Three Card Monte

I played the Three-Card-Monte game on the streets of New York.

Ambling down Fifth Avenue and 55th Street one fine, luscious spring day—in no hurry, just wandering, staring, listening to languages, and savoring the springtime smells of Central Park’s flowers mixed in with the scent from the hot dog vendor’s carts. I had taken a “sick-day” off after hours of overwork the past two weeks, to see a friend for lunch and have a sweet easy afternoon.

I stopped to watch the “game,” known as Three Card Monte, a slippery contest that one would think more likely played on some dark alley, but, in fact, 5th Avenue offered several spots for a con. One shabby little fold-up table was set close to the curb —ready for a fast escape from the cops.

I knew the drill—three cards moving fast in the hands of the person behind the table, all you had to do was follow the cards: 2 Kings, one Ace, and pick the Ace once he’d put the cards face down, usually the Ace of Hearts as we, the people, think that’s a lucky card. I knew Three-Card-Monte was the biggest trick in the world. How could anyone fall for it. They can’t be serious; didn’t t people know this was a trick? I laughed, oh yes, there’s always a sucker.

I got participation-close to the game. I had time today and I was in a curious mood. Who were these people in the crowd. I wanted to stop, have a look at their faces - their hopeful faces.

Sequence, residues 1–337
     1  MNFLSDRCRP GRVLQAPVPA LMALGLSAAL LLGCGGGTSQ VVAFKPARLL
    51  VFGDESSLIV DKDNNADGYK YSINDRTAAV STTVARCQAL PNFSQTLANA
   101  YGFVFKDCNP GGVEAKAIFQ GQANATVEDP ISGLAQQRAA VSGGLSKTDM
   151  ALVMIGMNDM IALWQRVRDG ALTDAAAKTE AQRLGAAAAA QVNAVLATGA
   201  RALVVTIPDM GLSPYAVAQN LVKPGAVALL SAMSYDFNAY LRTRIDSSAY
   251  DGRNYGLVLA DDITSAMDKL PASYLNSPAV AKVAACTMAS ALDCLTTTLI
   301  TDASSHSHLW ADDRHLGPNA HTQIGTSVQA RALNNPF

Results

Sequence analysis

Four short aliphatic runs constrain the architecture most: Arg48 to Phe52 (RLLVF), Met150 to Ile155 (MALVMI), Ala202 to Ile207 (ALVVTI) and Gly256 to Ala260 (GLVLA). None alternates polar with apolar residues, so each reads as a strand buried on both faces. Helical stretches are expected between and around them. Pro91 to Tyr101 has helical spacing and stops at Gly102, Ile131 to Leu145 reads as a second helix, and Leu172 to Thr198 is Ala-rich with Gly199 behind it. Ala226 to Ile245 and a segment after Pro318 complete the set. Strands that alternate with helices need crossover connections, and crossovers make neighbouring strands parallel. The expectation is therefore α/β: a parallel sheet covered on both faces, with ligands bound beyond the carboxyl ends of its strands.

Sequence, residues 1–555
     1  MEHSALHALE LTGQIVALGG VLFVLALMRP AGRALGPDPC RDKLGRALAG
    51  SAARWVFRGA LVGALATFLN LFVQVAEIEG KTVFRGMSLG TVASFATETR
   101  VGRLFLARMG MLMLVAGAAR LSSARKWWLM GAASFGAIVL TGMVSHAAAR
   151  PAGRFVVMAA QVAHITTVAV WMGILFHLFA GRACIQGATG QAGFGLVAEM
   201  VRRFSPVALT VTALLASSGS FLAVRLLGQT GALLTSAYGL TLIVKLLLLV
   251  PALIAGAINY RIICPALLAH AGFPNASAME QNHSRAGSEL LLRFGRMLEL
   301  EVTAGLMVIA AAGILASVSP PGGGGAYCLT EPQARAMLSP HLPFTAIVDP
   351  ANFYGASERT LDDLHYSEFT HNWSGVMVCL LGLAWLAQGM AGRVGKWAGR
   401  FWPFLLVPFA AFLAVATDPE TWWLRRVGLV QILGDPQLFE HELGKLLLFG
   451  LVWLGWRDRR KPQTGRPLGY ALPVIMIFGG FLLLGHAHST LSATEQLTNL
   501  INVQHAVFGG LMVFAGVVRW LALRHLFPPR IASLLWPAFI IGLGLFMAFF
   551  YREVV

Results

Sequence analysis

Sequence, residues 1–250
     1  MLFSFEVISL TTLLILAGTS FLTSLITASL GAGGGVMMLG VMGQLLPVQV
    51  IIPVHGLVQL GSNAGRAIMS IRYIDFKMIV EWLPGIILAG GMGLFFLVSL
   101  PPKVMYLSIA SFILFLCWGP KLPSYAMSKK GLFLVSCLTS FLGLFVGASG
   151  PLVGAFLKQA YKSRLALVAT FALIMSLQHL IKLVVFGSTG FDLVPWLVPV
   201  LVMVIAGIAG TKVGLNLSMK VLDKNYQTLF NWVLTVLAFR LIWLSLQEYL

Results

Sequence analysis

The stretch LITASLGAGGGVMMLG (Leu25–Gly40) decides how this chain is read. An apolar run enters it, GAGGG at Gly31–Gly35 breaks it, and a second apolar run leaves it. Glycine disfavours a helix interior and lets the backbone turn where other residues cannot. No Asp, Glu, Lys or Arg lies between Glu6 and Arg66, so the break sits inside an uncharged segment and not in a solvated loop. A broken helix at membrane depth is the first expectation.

But mostly I watched the cards. I lackadaisically said to the man next to me, while keeping my eyes trained on the swiftness of the dealer’s hands, “Well, I do see where the Ace is. I mean I actually do see it, it’s that card,” I said subtly pointing at the card. “It’s so saw it too, didn’t you, right there.” I could hear the excitement rising in my voice.

“Yea, I think you’re right, I saw it,” he said.

The current player at the table slapped his money down on that very same card we were looking at. A yell of joy came up. He won. Three other suckers approached, two of them won. Well, I thought, maybe things have changed. Maybe the game’s more fair these days. The crowd came in closer. Their eagerness pushed me next to the table.

Suddenly a shooting thrill went through me, my head went empty. The warnings, the knowledge, the sentences I had just said: “Only fools play this game, there’s always a sucker” left my centered core. Every sane thought I’d had just five minutes before flew out of my rational mind. It was as if I had walked into another room, the room of hope, the room with the big sign on the wall: “This is your lucky day.” I didn’t even know my hand was reaching, fumbling inside my bag. A $5.00 bill found its way magically from my wallet to my hand. I heard the rise in my voice, “Okay, I’m ready. Let’s go.” My eyes were steady on the three cards: “Yes, there it is, I know where the Ace is.” Down went my five on the card, “That’s it,” By now I was practically yelling at the group.

I was right, I won, I was hot; My $10.00 winnings were staring at me from the table. “Yes, I’m on, I’ll put the full ten down on the next bet, maybe double it to twenty,” I said again to the man to my right while I still stared at the cards.